After his amen, Arielle prepared herself to break the news to him. “Cade, I have something important to tell you,” she started, unsure if she really wanted to tell him of her plans, much less actually leave the lighthouse.
He nodded for her to proceed. If only he knew what she was going to say to him, then he probably wouldn’t wish to hear, let alone seem so eager to do so.
“I’m leaving.” There. She’d said it. It was out, and the words seemed to hang between them, draping a sheet of silence over the next few moments. She dipped her head and waited for his response, but it never came.
“Ari.” The nickname broke the quiet as he reached over and clasped her hand in his. “You are not going anywhere, okay? Unless God specifically demands you leave, I’m keeping you here,” Cade stated, and she wasn’t sure exactly what he meant. If he wanted her to stay, there had to be a good reason behind it. Did he love her and couldn’t bear the thought of her gone? She knew he was honorable, and any motive he had to keep her there was a respectable one. But if it was because he loved her, why couldn’t he just say so? She knew without a doubt she loved him. Why, he could go ahead and marry her if he so desired it. She had no objection, and their situation practically required it.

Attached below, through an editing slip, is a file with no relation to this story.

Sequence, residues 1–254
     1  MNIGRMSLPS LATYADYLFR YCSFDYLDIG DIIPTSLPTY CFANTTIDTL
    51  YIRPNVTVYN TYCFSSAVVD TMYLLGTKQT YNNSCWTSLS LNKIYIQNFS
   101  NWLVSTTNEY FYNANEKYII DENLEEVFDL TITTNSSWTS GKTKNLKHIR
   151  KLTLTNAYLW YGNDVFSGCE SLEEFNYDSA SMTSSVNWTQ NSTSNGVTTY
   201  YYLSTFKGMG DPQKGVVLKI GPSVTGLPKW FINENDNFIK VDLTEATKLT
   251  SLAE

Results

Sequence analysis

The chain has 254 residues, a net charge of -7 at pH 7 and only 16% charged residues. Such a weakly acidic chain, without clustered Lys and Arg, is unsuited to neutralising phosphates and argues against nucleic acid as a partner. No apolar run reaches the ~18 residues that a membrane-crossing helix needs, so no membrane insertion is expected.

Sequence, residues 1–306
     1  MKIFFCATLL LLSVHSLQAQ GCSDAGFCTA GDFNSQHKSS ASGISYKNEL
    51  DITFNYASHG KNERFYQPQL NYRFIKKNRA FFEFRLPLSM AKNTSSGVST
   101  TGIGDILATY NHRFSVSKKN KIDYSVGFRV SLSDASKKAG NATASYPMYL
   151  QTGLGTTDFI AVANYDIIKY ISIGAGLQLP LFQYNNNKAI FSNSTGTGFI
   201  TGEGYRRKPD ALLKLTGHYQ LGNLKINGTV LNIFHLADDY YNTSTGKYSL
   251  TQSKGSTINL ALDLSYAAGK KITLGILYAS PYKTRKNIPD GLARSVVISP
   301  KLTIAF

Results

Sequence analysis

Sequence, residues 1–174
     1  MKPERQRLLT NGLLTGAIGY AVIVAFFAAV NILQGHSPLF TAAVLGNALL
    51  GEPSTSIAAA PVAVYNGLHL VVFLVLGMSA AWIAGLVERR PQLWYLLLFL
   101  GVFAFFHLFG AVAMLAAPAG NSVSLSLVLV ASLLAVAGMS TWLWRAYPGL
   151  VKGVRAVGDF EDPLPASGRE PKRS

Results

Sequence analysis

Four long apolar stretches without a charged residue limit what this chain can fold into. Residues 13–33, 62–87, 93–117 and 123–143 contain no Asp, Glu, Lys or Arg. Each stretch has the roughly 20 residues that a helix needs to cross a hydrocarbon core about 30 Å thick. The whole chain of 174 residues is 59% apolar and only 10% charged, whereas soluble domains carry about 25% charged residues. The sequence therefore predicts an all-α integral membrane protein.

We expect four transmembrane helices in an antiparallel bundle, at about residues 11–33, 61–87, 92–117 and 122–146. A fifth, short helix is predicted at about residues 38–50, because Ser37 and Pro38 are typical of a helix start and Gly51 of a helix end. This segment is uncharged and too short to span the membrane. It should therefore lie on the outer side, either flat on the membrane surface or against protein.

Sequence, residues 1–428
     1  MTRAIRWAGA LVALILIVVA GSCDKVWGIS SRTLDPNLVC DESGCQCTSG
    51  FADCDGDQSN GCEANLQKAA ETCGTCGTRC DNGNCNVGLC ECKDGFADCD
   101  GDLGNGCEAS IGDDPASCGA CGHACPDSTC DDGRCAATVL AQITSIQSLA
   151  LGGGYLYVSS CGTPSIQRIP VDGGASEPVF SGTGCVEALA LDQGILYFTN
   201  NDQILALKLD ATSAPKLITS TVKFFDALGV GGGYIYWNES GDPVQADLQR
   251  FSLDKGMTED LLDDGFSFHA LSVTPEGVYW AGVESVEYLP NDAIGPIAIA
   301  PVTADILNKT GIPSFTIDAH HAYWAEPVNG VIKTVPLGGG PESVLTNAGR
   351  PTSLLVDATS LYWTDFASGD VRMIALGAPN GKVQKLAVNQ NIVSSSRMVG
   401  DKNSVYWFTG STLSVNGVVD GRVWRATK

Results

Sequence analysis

She looked up and searched his cinnamon eyes. And sure enough, love glistened deep inside them. “Okay.” And she left it at that. She just gave up. She really didn’t want to go, who would? Besides, if he was pushing her to stay, she wouldn’t protest in the least.
“Good,” he said, hopping out of his seat and walking towards the fishing pole propped up beside the door, “Wanna go fishing?” He wasn’t going to say anything more? Not going to tell her why he wanted her to stay?
Well, Arielle was going find out.